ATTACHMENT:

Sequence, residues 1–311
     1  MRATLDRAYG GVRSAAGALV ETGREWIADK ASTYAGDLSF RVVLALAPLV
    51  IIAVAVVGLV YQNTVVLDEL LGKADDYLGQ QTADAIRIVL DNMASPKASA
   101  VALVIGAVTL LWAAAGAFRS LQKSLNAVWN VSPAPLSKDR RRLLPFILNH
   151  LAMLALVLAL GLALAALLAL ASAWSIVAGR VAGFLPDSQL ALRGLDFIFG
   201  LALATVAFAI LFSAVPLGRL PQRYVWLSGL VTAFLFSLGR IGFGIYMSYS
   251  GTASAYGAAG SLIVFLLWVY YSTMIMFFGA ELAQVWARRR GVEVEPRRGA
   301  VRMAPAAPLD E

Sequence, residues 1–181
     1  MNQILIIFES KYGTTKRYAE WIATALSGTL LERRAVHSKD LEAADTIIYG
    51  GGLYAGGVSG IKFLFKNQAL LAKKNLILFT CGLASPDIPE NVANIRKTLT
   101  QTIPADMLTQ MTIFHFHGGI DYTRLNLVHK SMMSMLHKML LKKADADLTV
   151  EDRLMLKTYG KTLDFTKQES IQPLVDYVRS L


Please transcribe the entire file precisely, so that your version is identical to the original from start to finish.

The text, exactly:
Sequence, residues 1–311
     1  MRATLDRAYG GVRSAAGALV ETGREWIADK ASTYAGDLSF RVVLALAPLV
    51  IIAVAVVGLV YQNTVVLDEL LGKADDYLGQ QTADAIRIVL DNMASPKASA
   101  VALVIGAVTL LWAAAGAFRS LQKSLNAVWN VSPAPLSKDR RRLLPFILNH
   151  LAMLALVLAL GLALAALLAL ASAWSIVAGR VAGFLPDSQL ALRGLDFIFG
   201  LALATVAFAI LFSAVPLGRL PQRYVWLSGL VTAFLFSLGR IGFGIYMSYS
   251  GTASAYGAAG SLIVFLLWVY YSTMIMFFGA ELAQVWARRR GVEVEPRRGA
   301  VRMAPAAPLD E

Sequence, residues 1–181
     1  MNQILIIFES KYGTTKRYAE WIATALSGTL LERRAVHSKD LEAADTIIYG
    51  GGLYAGGVSG IKFLFKNQAL LAKKNLILFT CGLASPDIPE NVANIRKTLT
   101  QTIPADMLTQ MTIFHFHGGI DYTRLNLVHK SMMSMLHKML LKKADADLTV
   151  EDRLMLKTYG KTLDFTKQES IQPLVDYVRS L